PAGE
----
Ontario will launch its private online gaming and sports betting market on April 4, signifying a move away from the provincial monopolies that have persisted in Canada until now.
Around 30 operators are lining up to go live in what could quickly become one of the biggest markets in North America.
With a population of almost 15 million, it’s expected to generate CA$989 million (US$789 million) in gross revenue in its first year, and CA$1.86 billion (US$1.46 billion) by 2026, according to research firm Vixio GamblingCompliance.
But not everyone is licking their chops. The Mississaugas of Scugog Island First Nation (MSIFN) operates the Great Blue Heron Casino and Hotel northeast of Toronto. In a statement, the tribe called the provincial government’s Friday announcement of the launch date a “slap in the face” to Ontario’s First Nations, that “reduces… promises of reconciliation to a joke.”
The Nation said it would sue in a bid to block the market.
“The Ford government has recklessly ignored our concerns and has not offered any strategies to address the impact that their inadequate plan will have on our First Nation, our culture, and our ability to provide services to our community,” said MSIFN Chief Kelly LaRocca.
It is a real and significant threat. It will not stand. If the Ford government is not willing to address the harms caused by its decision, we will have to make them accountable, in an election year,” LaRocca continued.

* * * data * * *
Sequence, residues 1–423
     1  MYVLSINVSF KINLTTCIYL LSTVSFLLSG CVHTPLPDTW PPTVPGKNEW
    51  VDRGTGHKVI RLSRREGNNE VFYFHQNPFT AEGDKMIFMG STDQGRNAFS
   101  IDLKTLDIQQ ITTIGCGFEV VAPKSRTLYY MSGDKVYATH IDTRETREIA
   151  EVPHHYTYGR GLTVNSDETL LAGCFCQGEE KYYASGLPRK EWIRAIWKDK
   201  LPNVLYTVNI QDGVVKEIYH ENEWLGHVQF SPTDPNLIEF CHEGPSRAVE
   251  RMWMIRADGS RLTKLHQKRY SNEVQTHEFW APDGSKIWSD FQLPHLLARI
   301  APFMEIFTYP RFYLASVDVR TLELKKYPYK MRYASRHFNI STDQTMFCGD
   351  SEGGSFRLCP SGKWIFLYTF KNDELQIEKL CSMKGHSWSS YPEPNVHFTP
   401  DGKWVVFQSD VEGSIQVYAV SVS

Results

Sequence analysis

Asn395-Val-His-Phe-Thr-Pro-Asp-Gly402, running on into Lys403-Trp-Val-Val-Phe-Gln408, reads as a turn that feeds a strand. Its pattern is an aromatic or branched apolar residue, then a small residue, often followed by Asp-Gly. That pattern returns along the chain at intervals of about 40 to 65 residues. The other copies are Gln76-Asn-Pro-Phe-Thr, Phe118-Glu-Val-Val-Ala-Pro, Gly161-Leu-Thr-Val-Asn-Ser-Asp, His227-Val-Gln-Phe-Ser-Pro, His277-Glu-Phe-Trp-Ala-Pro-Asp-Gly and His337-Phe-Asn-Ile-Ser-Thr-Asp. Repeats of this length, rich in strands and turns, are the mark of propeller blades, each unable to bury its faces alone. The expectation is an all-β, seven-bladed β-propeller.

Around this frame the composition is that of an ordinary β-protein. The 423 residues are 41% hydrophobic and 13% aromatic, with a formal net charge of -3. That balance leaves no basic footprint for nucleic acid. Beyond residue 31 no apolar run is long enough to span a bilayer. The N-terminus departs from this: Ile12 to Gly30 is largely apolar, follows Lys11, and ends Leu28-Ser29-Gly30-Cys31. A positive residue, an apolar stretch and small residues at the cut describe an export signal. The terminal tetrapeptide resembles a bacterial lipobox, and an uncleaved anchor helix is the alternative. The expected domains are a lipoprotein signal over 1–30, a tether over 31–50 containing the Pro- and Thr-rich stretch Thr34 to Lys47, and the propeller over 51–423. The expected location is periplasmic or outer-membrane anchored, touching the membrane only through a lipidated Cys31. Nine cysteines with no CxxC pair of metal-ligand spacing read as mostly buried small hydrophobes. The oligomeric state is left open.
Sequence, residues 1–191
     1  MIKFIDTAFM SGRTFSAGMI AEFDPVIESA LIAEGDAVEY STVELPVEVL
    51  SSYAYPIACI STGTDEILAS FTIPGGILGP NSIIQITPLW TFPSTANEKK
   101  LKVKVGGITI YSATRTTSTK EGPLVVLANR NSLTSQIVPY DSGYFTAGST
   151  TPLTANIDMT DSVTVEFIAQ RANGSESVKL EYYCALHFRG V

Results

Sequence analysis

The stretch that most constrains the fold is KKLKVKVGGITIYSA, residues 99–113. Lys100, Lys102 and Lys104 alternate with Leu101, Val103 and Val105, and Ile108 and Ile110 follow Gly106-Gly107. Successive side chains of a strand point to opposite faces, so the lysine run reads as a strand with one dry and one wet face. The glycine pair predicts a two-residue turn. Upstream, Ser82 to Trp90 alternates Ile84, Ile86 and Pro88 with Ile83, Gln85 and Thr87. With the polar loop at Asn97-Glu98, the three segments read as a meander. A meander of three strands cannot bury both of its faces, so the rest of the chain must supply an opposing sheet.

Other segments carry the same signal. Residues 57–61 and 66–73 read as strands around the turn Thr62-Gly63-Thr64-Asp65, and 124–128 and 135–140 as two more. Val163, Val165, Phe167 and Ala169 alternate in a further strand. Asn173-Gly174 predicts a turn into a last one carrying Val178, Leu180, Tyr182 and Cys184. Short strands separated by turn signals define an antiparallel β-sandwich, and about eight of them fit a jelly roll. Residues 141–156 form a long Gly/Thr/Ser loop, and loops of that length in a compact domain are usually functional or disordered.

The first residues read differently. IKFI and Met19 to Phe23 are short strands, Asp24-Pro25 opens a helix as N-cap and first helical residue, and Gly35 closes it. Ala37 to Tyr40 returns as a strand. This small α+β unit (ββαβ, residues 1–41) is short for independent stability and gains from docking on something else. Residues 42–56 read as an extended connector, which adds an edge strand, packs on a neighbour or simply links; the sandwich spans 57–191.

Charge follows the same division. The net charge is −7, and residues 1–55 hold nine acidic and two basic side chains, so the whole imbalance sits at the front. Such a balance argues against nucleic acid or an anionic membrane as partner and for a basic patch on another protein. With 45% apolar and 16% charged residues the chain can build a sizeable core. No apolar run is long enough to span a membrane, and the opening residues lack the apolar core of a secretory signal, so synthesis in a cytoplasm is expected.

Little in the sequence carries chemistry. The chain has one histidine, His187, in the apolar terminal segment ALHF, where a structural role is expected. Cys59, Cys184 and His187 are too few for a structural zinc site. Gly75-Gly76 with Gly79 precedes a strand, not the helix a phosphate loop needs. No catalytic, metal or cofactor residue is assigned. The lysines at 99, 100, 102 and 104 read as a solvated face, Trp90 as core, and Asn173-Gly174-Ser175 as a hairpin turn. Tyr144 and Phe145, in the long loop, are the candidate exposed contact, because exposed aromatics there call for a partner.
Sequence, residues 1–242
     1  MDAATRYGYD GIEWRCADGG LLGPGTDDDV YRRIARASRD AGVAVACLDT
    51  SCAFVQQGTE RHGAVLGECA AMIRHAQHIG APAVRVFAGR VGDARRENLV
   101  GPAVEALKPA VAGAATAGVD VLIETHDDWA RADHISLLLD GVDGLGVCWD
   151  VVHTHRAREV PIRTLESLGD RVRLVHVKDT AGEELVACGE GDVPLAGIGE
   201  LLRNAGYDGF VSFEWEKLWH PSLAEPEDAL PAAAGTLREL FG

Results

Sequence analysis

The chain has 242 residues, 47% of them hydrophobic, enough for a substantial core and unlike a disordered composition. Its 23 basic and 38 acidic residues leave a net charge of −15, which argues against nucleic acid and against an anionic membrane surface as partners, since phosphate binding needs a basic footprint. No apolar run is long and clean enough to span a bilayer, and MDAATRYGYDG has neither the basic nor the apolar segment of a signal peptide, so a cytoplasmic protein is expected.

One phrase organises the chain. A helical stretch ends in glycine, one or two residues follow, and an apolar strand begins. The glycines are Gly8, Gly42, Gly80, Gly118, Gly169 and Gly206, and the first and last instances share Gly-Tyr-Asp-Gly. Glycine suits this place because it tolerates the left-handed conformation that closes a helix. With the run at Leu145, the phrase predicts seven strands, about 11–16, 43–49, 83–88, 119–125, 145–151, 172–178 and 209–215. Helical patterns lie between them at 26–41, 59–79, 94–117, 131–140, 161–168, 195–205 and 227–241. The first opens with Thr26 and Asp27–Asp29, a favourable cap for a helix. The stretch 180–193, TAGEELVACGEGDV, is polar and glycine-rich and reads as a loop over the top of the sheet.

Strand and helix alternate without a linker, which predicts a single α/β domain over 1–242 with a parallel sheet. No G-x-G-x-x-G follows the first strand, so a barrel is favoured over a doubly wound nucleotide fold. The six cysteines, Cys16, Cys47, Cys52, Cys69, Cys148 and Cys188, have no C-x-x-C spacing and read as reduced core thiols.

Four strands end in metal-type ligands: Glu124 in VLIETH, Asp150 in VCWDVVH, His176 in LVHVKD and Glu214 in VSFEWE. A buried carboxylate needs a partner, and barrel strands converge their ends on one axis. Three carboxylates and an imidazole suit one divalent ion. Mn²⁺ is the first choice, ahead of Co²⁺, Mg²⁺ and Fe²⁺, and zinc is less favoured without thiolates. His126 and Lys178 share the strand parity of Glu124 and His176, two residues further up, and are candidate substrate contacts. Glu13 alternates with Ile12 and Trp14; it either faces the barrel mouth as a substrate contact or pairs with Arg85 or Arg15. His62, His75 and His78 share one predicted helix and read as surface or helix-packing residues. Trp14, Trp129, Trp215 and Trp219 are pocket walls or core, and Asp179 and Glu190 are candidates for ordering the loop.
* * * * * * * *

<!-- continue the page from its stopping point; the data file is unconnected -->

The response underlines the tension that can exist between provincial governments and the First Nations when it comes to gaming.
Canadian tribal gaming is on a less sure footing than in the US. That’s because there is no federal legislation in Canada that enshrines indigenous gaming rights, like the US Indian Gaming Regulatory Act (IGRA).
IGRA allows sovereign tribes to conduct Class II gaming (electronic bingo, card games), provided it is legal anywhere in the state. It also requires tribes to enter into a compact with the state government for Class III casino-style gaming. These compacts can provide the tribes with assurances against future state-sanctioned gambling expansion.
Canada’s Supreme Court has acknowledged the concept of tribal sovereignty, which encompasses the right to self-governance and for a tribe to use its sovereign land as it chooses, including for economic purposes. But the court has also ruled that neither gaming nor the regulation of gaming is an “integral part” of First Nations culture and is therefore not protected by federal law.
Unlike American tribes, Canadian First Nations can only conduct gaming under a provincial license and in accordance with provincial laws, which many see as an affront to their sovereignty.
Meanwhile, Canada’s federal government refuses to engage with the First Nations on jurisdictional matters related to casinos, because it has devolved the power to regulate gaming to provincial governments.
That doesn’t mean the tribes and provinces can’t work together when it comes to online gaming. Last September, the province of Saskatchewan announced it would launch an online casino and sports betting platform jointly with the Federation of Sovereign Indigenous Nations, with revenues split 50/50 between the two parties.
The federation represents Saskatchewan’s 74 First Nations.